Price-Induced Load-Balancing at Consumer Households for Smart Devices
Cornelius Köpp (),
Hans-Jörg Metthenheim () and
Michael Breitner ()
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Cornelius Köpp: Leibniz Universität Hannover
Hans-Jörg Metthenheim: Leibniz Universität Hannover
A chapter in Operations Research Proceedings 2011, 2012, pp 147-152 from Springer
Abstract The rising share of renewable energies in today’s power grids poses challenges to electricity providers and distributors. Renewable energies, like, e.g., solar power and wind, are not as reliable as conventional energy sources. The literature introduces several concepts of how renewable energy sources can be load-balanced on the producer side. However, the consumer side also offers load-balancing potential. Smart devices are able to react to changing price signals. A rational behavior for a smart device is to run when electricity rates are low. Possible devices include washing machines, dryers, refrigerators, warm water boilers, and heat pumps. Prototypes of these devices are just starting to appear. For a field experiment with 500 households we simulate adequate device behavior. The simulation leads to a mapping from price signal to load change. We then train a neural network to output an appropriate price signal for a desired load change. Our results show that even with strong consumer-friendly constraints on acceptable price changes the resulting load change is significant.We currently implement the results with a leading energy services provider.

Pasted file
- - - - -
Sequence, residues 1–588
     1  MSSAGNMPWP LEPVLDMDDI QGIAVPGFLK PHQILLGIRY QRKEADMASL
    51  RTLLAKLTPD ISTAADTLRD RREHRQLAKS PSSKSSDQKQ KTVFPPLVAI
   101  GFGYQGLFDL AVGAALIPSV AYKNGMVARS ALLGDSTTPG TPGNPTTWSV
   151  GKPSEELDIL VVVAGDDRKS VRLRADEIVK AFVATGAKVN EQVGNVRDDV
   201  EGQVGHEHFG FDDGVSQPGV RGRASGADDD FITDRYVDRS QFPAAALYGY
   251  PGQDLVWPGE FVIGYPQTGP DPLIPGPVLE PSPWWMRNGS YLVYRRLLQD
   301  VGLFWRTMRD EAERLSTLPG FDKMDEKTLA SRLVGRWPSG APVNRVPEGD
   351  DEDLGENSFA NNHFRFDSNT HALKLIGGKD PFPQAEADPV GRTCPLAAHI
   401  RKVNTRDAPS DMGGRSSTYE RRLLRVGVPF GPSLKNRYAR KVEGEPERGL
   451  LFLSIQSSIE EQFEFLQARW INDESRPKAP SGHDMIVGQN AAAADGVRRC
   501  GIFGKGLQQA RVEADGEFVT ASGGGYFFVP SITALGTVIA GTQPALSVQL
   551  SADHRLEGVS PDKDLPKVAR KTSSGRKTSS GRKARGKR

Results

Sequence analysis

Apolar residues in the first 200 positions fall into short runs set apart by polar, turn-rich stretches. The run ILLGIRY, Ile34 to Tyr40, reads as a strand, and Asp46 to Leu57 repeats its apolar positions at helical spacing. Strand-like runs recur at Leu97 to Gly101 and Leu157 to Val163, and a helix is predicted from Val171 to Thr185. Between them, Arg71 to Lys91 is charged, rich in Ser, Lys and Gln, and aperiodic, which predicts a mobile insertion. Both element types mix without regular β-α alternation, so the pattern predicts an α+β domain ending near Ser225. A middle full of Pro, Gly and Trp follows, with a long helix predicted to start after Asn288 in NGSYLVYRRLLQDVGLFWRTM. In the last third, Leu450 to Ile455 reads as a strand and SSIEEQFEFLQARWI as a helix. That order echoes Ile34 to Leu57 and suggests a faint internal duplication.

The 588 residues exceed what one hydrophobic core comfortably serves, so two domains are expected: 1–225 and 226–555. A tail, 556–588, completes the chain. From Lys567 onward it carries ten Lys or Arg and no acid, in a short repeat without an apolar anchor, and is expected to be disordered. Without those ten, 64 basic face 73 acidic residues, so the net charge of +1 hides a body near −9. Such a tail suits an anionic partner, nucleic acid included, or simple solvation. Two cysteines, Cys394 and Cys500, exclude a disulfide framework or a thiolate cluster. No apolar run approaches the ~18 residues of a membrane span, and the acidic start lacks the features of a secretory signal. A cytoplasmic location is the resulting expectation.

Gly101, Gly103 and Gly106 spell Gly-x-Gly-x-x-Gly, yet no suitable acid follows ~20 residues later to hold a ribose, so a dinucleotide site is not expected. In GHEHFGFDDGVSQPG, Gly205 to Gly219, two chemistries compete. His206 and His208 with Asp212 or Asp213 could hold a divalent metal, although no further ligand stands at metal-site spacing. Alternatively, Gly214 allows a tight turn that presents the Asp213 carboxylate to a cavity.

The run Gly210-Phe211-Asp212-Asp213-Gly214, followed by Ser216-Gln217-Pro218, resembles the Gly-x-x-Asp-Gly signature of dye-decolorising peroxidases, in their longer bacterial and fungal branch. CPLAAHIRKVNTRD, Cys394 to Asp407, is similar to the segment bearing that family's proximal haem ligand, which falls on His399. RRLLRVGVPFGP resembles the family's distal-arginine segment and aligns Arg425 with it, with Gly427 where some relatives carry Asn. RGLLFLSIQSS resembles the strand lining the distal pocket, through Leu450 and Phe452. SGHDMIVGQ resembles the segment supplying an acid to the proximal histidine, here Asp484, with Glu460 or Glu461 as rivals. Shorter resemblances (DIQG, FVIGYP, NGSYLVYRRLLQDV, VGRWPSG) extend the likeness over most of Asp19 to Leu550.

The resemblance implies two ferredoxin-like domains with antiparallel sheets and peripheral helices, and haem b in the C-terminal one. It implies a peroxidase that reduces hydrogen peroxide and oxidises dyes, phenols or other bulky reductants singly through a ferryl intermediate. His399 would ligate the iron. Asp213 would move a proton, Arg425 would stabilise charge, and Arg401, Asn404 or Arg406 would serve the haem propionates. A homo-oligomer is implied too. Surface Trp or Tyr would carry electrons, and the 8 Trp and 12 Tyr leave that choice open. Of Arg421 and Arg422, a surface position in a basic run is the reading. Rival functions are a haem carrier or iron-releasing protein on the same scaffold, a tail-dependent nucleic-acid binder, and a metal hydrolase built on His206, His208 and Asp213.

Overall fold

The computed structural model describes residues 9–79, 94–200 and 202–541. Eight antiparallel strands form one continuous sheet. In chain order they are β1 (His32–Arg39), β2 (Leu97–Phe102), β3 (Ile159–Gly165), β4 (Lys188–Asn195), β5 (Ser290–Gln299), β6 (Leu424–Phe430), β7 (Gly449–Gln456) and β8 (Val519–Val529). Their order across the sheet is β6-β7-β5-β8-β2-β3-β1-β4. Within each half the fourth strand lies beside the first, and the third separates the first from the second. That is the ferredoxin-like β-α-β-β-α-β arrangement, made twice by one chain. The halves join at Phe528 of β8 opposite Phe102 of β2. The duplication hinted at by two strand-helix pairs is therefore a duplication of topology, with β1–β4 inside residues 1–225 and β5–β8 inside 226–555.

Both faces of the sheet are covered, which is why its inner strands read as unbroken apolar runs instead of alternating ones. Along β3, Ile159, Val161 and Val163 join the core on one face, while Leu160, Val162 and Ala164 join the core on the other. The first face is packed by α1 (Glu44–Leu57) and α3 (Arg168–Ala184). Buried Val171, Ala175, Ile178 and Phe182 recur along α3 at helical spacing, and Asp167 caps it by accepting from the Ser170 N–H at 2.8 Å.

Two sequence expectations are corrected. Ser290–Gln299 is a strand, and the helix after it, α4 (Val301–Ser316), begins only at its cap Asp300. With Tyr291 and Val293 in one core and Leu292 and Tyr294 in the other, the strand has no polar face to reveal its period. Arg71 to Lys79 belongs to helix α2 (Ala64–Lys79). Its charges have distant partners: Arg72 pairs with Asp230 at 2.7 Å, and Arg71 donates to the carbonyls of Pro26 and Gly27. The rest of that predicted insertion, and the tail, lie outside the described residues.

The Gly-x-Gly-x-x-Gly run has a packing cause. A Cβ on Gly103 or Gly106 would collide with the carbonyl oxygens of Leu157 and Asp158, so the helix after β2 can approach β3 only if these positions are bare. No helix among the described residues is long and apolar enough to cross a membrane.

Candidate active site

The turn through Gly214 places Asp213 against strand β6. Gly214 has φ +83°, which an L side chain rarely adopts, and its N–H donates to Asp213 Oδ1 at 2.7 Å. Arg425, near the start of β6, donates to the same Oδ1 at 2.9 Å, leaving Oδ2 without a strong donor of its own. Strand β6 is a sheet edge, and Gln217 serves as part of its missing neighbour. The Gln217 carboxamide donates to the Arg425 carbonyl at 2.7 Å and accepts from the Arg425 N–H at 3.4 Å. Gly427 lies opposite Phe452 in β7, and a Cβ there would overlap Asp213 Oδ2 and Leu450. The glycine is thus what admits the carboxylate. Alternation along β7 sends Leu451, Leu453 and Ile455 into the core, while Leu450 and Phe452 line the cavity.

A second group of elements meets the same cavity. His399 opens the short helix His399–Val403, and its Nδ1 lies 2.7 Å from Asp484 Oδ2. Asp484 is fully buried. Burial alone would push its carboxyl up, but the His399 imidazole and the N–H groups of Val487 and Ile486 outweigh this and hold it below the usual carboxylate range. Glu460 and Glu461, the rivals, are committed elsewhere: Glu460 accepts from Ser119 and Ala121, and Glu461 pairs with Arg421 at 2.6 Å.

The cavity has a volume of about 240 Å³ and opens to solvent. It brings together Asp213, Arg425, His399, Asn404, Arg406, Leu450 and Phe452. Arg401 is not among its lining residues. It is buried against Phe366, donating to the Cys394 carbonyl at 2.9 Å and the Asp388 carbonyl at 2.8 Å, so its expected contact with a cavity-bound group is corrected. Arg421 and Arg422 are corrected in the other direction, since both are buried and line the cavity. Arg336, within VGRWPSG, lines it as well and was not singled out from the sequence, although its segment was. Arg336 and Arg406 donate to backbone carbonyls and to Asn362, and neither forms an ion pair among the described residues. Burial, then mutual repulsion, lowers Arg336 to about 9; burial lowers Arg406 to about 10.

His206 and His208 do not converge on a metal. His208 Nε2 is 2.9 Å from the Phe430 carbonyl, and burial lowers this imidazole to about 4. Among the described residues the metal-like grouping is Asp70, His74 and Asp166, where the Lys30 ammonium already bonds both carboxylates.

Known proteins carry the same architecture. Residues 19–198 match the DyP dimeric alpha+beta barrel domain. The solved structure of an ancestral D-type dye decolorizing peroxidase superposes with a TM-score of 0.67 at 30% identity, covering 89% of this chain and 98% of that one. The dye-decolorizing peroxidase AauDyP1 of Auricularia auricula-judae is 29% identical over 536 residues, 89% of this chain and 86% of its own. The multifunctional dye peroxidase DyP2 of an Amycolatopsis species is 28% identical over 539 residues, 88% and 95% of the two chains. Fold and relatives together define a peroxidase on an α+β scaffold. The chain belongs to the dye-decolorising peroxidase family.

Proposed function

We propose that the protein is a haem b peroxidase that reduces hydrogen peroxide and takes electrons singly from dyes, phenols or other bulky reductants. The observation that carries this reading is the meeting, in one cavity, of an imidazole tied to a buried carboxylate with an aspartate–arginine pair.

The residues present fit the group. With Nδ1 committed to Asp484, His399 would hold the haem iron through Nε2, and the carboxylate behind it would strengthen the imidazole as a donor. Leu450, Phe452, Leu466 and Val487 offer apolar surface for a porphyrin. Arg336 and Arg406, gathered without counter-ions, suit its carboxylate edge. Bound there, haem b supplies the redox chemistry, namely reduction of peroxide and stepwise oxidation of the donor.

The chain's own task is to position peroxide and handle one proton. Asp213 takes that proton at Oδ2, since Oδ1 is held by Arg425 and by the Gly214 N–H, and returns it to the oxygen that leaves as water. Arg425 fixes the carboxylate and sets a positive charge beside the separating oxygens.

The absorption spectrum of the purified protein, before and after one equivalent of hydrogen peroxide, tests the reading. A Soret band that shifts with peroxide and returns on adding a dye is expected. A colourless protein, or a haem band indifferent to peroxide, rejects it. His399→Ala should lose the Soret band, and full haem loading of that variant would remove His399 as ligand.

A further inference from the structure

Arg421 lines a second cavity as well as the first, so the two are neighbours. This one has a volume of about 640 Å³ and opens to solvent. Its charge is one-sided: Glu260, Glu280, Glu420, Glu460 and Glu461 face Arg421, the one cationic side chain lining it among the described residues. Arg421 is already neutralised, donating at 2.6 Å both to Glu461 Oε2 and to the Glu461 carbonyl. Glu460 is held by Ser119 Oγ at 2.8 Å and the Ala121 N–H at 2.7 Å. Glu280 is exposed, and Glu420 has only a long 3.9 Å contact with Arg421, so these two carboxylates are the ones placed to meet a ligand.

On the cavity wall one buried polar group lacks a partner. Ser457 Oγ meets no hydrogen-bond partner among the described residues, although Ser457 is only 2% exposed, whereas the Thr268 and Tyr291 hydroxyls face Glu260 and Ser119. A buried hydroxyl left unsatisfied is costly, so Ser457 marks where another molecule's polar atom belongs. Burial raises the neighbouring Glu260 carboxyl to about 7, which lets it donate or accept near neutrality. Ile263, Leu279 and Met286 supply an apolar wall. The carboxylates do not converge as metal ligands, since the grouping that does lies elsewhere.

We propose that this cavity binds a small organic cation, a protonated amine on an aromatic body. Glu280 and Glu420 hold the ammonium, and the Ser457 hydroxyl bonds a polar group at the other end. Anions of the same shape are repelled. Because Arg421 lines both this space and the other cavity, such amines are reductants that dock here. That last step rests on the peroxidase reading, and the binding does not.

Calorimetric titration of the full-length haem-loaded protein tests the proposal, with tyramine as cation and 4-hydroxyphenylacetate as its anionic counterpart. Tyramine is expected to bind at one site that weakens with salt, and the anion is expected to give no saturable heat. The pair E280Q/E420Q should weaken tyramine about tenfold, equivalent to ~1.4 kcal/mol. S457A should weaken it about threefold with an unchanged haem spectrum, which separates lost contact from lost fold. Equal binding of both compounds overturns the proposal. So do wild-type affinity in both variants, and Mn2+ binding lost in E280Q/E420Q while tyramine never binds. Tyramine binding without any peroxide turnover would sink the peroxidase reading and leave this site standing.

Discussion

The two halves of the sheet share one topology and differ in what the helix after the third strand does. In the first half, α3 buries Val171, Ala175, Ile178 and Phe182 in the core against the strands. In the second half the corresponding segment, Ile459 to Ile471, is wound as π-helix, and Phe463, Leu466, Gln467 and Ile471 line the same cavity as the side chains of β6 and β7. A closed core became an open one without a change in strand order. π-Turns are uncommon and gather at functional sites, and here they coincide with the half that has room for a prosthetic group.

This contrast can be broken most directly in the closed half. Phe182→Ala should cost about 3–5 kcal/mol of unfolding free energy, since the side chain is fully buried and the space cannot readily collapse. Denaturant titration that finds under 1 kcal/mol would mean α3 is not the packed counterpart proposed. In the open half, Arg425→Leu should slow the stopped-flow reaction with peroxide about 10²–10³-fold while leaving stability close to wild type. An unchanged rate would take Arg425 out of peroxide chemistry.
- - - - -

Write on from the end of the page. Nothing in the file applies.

Keywords: Heat Pump; Smart Grid; Smart Device; Price Signal; Electricity Rate (search for similar items in EconPapers)
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Persistent link: https://EconPapers.repec.org/RePEc:spr:oprchp:978-3-642-29210-1_24
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